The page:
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When we start a project we always colour block. Colour blocking is a great way to decide the overall scheme for a one-off room or a whole house if required!

By seeing all the colours together you can get a sense of what you are gravitating towards and how the overall scheme of a home could flow.

It’s not about sticking to one scheme – it’s about experimenting with colour and pushing your design boundaries. You will be able to see clearly what palettes complement each other and those that simply don’t work! Check out this post on Instagram where we have set up 4 boards, Neutrals (cool and warm) Cool Greens & Blues and finally palette 4 the warm tones and vibrant colours! These palettes include fabrics, carpets and paints.

Sara Cosgrove Studio


When you are creating an interior design scheme you want to create something that has heart and soul. Colour can take your space to the next level; it is all about how you apply it. You can either drench the walls and ceilings, or you can just add pops of vibrant colour to bring a space to life.

So why use colour?

By adding colour, you create atmosphere and personality. A balanced use of colour creates harmony in a space while introducing accents can create focal points to delight the eye. Colour is a key tool in the designer’s bag as it can either accentuate or disguise a feature within a space.

Sara Cosgrove Studio

Understanding Colour

Colour is created by the way our eyes and brains receive different wavelengths of light when it reflects off objects. When you train as a designer, understanding colour is key and using the colour wheel is a core part of your studies. It helps you to understand what colours work together and why.  To get started, the primary colours are red, yellow and blue and by combining these colours you can get every other colour. The secondary colours are green orange and violet and the tertiary colours are combinations of blue/green, red/orange and yellow/green. The complimentary colours are the colours that are directly opposite each other like yellow and violet and are often used in small quantities as accent colours. Analogous colours are the groups of colours that are right beside each other such as red, orange etc.  Non-colours are the greys, beiges, greiges and of course white and black.

Sara Cosgrove Studio

Colour in Action

When we put a scheme together, we use every colour in the book.  In fact, we use colour to curate and create the type of atmosphere we want to achieve in a space. For example, to create a room that is serene and relaxed we tend to go for more neutral colours – taupe, beiges and greiges. If you are looking to create a bit of drama or WOW factor, we tend to go darker and saturated hues. Some shade suggestions include deep reds, burgundies, navy blues or deep forest greens.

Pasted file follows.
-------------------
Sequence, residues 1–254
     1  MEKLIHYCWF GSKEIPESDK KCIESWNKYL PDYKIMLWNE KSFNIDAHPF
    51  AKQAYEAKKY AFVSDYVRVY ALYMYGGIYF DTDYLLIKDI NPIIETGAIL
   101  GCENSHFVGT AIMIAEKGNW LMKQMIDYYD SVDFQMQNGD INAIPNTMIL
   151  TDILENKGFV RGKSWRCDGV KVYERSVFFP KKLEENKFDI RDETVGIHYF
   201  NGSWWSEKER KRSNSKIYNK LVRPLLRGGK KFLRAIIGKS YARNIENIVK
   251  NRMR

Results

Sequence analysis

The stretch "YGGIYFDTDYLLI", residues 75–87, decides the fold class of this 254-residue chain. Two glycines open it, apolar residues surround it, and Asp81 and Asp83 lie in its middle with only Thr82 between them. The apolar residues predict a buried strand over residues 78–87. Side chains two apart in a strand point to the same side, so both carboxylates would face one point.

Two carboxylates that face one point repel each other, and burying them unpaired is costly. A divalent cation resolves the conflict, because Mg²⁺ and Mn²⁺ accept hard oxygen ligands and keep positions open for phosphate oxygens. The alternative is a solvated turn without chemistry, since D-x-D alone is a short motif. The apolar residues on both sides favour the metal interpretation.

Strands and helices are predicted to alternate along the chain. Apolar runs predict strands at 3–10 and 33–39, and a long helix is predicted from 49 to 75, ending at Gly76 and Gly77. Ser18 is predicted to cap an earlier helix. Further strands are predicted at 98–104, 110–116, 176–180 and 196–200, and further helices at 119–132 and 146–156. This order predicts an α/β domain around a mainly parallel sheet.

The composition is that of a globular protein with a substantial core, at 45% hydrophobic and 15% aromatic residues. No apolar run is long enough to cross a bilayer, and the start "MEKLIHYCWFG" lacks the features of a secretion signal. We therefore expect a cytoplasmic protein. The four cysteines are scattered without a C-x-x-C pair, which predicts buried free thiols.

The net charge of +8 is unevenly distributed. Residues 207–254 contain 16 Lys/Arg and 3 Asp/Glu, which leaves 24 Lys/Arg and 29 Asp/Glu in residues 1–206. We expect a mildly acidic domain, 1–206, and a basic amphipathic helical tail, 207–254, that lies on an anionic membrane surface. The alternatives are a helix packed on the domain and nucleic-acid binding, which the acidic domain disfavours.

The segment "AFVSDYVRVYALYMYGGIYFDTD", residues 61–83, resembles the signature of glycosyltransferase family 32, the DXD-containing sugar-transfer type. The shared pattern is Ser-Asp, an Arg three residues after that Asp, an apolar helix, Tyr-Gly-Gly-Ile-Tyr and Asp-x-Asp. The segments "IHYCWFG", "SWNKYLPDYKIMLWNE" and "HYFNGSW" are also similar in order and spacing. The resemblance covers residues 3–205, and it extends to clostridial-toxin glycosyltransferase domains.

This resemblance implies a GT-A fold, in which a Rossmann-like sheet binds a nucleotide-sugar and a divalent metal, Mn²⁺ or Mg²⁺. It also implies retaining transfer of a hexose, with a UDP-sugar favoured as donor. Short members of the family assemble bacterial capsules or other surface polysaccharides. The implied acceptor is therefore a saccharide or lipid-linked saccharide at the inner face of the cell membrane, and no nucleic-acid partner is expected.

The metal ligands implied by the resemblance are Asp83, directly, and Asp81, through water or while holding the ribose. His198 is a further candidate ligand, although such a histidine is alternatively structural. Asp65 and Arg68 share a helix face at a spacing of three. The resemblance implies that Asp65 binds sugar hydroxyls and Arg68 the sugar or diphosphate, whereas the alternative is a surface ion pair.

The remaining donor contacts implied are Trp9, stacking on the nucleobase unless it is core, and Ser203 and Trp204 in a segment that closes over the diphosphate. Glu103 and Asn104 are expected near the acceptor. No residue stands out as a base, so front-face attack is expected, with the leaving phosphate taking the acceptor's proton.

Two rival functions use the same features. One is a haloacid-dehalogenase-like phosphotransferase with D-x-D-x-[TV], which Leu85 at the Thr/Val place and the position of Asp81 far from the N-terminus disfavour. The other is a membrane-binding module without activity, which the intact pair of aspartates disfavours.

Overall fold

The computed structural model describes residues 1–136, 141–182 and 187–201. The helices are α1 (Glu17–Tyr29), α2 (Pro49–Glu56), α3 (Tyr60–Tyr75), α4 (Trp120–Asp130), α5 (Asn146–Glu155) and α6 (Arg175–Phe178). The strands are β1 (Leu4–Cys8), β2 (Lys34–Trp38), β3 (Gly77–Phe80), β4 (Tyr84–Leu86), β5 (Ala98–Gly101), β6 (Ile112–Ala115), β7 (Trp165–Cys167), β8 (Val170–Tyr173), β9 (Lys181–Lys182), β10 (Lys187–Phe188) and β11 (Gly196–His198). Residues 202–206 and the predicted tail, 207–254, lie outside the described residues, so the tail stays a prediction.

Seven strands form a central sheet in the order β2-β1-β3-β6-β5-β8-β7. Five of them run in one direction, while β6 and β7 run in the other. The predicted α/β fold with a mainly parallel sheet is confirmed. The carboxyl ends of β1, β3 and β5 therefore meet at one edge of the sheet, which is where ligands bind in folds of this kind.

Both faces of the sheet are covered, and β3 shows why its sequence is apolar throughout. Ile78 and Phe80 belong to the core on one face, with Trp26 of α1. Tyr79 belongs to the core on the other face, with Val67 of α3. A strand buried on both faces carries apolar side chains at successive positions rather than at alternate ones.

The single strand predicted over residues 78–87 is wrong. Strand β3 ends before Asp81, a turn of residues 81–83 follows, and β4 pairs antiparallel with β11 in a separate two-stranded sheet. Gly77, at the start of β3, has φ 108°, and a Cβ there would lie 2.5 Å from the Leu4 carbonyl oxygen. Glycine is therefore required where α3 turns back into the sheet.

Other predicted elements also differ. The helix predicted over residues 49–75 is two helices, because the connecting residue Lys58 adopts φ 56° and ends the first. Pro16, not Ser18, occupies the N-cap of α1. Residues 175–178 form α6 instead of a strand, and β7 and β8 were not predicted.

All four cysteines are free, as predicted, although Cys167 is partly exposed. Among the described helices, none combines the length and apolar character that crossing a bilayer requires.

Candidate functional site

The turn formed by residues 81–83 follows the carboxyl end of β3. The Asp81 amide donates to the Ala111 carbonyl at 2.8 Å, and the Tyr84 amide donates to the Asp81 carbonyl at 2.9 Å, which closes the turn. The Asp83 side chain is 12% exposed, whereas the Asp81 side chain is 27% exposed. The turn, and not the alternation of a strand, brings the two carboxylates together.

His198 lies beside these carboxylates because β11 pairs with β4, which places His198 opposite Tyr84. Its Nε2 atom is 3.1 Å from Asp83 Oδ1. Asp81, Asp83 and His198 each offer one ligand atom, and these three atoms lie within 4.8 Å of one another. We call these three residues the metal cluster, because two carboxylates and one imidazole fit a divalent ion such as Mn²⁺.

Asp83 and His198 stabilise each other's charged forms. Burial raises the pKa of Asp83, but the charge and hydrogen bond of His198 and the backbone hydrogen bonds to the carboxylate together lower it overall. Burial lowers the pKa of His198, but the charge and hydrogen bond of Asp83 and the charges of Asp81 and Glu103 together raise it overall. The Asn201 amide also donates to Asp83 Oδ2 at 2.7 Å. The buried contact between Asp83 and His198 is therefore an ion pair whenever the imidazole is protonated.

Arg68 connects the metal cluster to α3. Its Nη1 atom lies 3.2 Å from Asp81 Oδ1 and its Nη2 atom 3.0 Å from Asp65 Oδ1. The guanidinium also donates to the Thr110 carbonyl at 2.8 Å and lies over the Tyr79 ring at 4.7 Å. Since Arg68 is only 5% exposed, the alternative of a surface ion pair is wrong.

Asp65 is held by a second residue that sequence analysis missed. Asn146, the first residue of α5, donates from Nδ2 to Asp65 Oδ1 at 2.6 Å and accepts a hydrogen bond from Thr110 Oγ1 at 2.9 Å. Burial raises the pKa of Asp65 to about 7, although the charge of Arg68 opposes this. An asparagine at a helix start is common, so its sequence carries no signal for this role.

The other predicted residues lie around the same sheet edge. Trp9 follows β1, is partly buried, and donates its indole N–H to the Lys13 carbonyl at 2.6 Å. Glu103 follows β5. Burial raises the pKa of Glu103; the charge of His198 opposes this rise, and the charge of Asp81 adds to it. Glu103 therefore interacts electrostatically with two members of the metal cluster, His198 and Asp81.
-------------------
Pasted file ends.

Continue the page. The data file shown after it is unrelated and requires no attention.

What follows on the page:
If you are unsure of how to balance it all you can follow the 60/30/10 rule. This allows you to approach the design of a room by breaking the colours down into areas. You start with the 60% which is a single predominant colour used for the room, this would normally be your walls or large areas such as carpets. Then 30% is the secondary colour used for example on the ceiling, curtains or rug/carpet. Then there is the final 10% of colour; you will be using this in small elements that just bring more colour to the space and could be anything from throws and cushions to pieces of art or decorative items. Accent colours can be lighter colours in a dark room or darker colours in a lighter room.

Alternatively, you can go very neutral by taking creams, beiges, and greiges and layering them up. When we design a room, we often have the accent colours in mind which allows us to help the client to see them as interchangeable. Then in coming years if you want to refresh your interior all you need to do is swap out your accent colour and it can completely transform your space.

Using a neutral palette and then bringing in rich colours in smaller elements is a practical way of ensuring time is interior and one that can grow with you overtime.  You can also be bolder in smaller more occasional spaces of the house. I do not think you will ever regret choosing a rich-coloured or deeply patterned wallpaper in the powder room or a darker colour in a study or den room.  They can add interest to the overall vibe of your home, especially if you have gone for more neutral tones in the main living areas.

Sara Cosgrove Studio

Top Tip – Sample!

When choosing paint colours, I always recommend you buy sample pots and test your colour choices, that way you can really stretch your experimentation in a controlled way – it’s amazing what seeing a few large samples painted on the walls will do. But remember you do not need to go as far as painting a wall to bring colour in, a few new cushions, or add a large house plant can have a transformative effect. If you are looking at selling your home getting the colours right is critical.

Bibliophilia is an increasingly popular trend as we spend more time indoors and within our own four walls. It is a great way to bring colour into a space through planting and greenery, it is amazing how a dash of green can really bring a space to life.

A great home interior design hack idea is to use freely available paint swatches to build different colour combinations for your own home! Next week I will be sharing with you some of our Kitchen Design Insights!


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